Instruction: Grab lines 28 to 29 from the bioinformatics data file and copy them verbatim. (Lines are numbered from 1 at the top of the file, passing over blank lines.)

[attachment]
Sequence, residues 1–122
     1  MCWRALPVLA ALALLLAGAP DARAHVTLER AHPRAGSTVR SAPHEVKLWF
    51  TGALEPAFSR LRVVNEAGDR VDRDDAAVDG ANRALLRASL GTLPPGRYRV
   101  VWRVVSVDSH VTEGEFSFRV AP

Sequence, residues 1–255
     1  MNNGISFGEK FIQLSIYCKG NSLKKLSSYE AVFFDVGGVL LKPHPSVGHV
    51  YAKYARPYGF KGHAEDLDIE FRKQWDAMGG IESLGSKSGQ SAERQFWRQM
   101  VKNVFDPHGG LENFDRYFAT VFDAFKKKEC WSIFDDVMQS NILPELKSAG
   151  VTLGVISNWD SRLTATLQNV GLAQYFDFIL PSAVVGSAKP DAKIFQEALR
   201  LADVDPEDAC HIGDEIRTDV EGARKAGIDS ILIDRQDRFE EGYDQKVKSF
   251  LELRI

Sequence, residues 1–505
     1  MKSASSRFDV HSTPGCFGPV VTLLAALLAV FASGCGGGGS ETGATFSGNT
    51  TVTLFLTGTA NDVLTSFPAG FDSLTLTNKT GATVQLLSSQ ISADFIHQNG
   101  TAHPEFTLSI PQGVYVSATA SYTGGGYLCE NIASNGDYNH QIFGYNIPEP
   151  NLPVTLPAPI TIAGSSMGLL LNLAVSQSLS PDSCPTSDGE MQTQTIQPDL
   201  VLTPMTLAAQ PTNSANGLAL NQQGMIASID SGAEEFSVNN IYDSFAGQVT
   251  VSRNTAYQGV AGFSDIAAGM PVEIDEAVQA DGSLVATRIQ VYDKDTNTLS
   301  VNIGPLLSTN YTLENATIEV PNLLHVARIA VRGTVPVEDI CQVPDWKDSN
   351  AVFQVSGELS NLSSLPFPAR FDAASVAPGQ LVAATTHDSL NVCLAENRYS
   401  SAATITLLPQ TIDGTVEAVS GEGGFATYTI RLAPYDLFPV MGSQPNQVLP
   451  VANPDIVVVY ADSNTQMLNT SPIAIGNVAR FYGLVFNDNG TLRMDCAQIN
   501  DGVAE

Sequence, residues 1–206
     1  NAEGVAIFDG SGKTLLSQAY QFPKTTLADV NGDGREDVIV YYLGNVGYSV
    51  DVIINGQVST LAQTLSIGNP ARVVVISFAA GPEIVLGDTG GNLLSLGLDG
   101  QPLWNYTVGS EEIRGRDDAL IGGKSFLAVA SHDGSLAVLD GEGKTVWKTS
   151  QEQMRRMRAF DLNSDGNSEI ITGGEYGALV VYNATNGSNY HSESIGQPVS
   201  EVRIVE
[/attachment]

   151  QEQMRRMRAF DLNSDGNSEI ITGGEYGALV VYNATNGSNY HSESIGQPVS
   201  EVRIVE